Exercises for Seniors with Immobility or Balance Issues
Seniors with who struggle with mobility and balance are often told to exercise to maintain their condition, but not to do things that could further weaken current abilities. How can seniors meet both goals at the same time? If you or an aging loved one struggle with immobility or balance, here are a few exercises that won’t do more harm than good:
Yoga gently stretches muscles, creates lean muscle mass and improves balance. Seniors should look for a yoga class designed for older adults or a beginning level class as opposed to one with advanced yoga enthusiasts. This will ensure the class has exercises that match your abilities and will likely be less intimidating. Additionally, seniors who need help with some of the poses can use blocks and straps to facilitate stretching. This way, you can ease into a deep stretch without causing strains or inflammation.
This meditative exercise form focuses on slow movements between positions, allowing the body to stretch, strengthen and increase balance. The focus on concentration and breathing forces you to slow down and release stress, while the flowing movements are gentle on the joints. While the many physical and mental benefits are great for seniors who struggle with immobility or balance, it is becoming more and more popular among seniors across the nation!
Water aerobics are a wonderful way to give your heart a workout. You don’t need to worry about falls or balance nearly as much when you’re in the water, and the water creates natural resistance making you work harder. Also, floating in water makes the movements very low-impact, saving the joints in your legs from a beating.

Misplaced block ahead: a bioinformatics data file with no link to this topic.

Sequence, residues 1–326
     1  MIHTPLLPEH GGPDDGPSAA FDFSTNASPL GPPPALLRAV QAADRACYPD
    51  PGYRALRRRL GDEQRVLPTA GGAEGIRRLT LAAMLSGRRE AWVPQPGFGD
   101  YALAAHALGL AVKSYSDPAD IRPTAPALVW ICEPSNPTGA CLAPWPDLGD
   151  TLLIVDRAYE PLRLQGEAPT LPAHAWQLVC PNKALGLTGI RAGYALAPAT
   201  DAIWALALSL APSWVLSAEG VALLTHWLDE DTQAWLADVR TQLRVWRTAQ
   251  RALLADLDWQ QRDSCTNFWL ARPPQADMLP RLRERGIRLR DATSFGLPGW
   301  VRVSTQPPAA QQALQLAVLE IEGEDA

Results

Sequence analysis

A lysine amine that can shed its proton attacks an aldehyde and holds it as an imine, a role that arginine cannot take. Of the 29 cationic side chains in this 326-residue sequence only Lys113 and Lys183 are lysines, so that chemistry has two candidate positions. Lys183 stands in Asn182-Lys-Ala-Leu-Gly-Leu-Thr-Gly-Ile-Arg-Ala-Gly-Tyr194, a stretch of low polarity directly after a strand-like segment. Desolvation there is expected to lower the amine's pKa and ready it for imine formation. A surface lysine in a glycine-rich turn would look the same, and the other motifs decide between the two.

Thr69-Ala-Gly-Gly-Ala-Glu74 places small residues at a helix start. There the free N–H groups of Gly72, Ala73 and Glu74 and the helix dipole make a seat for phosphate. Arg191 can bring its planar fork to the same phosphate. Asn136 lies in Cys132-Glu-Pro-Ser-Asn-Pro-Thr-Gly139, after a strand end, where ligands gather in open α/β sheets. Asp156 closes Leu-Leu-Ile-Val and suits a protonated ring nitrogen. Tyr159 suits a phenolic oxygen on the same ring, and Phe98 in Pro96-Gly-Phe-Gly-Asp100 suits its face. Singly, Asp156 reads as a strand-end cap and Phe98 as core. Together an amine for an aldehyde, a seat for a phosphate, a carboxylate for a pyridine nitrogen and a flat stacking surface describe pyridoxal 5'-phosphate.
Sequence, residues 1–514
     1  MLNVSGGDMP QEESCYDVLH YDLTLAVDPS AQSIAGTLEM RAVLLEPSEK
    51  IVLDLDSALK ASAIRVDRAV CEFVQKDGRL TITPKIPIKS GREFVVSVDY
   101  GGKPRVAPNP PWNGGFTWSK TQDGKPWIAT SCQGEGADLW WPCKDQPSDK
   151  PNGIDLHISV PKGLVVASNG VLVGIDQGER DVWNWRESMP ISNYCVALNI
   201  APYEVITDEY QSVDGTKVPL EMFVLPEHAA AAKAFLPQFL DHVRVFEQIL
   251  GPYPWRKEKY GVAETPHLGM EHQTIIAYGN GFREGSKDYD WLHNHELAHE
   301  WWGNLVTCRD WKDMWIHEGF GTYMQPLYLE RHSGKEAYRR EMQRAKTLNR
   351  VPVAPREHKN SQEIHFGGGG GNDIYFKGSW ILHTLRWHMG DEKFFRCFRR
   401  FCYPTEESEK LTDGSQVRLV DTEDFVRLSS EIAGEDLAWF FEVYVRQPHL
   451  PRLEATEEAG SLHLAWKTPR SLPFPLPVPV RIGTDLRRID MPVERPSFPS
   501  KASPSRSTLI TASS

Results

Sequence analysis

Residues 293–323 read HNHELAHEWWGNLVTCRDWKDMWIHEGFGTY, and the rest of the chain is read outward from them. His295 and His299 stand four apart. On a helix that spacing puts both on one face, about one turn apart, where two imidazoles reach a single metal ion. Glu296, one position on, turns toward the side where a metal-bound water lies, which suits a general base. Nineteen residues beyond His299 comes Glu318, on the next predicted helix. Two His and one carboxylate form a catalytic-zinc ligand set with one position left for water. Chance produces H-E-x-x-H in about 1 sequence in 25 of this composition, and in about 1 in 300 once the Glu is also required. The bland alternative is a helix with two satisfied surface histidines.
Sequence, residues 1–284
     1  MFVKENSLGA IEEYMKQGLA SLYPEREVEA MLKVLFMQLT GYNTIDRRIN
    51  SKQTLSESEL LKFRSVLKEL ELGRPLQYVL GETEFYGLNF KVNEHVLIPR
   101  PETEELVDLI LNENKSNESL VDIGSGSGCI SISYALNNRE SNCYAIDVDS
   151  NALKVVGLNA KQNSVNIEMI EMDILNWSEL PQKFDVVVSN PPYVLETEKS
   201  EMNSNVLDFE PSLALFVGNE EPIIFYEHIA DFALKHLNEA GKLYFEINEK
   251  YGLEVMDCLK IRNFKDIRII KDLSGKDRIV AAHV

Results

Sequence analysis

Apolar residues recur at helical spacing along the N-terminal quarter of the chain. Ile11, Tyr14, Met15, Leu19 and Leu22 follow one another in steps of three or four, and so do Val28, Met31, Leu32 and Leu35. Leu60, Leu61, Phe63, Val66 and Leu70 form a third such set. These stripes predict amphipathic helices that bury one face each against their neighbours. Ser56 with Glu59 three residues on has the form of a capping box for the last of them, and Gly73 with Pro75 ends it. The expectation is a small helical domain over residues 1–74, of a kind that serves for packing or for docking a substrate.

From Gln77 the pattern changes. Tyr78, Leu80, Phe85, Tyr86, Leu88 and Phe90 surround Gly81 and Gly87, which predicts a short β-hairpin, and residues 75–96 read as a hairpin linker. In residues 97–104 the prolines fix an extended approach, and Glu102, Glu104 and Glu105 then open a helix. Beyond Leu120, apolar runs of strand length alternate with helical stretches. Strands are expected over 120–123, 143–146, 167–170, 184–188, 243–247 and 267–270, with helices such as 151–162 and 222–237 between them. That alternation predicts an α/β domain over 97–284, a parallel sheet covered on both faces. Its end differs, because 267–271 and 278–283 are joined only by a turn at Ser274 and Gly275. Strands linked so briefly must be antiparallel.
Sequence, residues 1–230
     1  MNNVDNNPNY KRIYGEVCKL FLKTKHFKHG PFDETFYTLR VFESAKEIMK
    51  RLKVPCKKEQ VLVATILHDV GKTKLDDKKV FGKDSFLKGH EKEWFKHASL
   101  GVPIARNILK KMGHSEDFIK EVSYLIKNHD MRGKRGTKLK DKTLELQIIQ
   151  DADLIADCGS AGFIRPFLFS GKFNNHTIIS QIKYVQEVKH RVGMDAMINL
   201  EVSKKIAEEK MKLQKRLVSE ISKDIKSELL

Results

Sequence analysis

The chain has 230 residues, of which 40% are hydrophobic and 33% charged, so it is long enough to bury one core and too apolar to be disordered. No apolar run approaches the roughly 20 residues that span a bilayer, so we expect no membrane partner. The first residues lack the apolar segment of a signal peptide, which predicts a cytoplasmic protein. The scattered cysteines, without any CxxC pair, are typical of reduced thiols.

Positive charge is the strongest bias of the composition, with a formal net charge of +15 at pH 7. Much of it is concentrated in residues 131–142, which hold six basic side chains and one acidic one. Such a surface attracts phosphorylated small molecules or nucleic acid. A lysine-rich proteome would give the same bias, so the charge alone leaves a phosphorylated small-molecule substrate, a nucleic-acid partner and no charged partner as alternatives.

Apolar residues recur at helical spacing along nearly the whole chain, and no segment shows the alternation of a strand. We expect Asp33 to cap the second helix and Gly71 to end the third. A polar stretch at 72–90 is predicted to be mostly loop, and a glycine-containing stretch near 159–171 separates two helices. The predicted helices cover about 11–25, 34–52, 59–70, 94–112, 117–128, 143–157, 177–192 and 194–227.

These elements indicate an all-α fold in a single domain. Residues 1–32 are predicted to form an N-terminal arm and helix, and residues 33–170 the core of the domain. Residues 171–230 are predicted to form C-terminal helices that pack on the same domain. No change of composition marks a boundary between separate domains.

As with the benefits of water aerobics, swimming also provides a strong cardiovascular workout without the related risks of falls or balance problems. Unlike water aerobics, you will work more of the body’s core than the arms and legs, creating a different type of water workout. Many local gyms and senior centers offer swimming lessons designed for seniors and some are even held indoors so you can continue your workout as the seasons change.
Differences in Senior Exercise Programs
There are a few things you should keep in mind while developing your exercise program. First of all, you’ll want to consult with your doctor or a senior care professional if you have concerns about blood pressure, joint pain or other conditions that may limit the types of exercise you can participate in. Seniors take longer to adapt to new activity levels, typically 2-4 weeks, so don’t be afraid to start slow. Start with 5-15 minutes at a lower intensity, adding a minute each week and slowly increasing intensity as you build strength and endurance.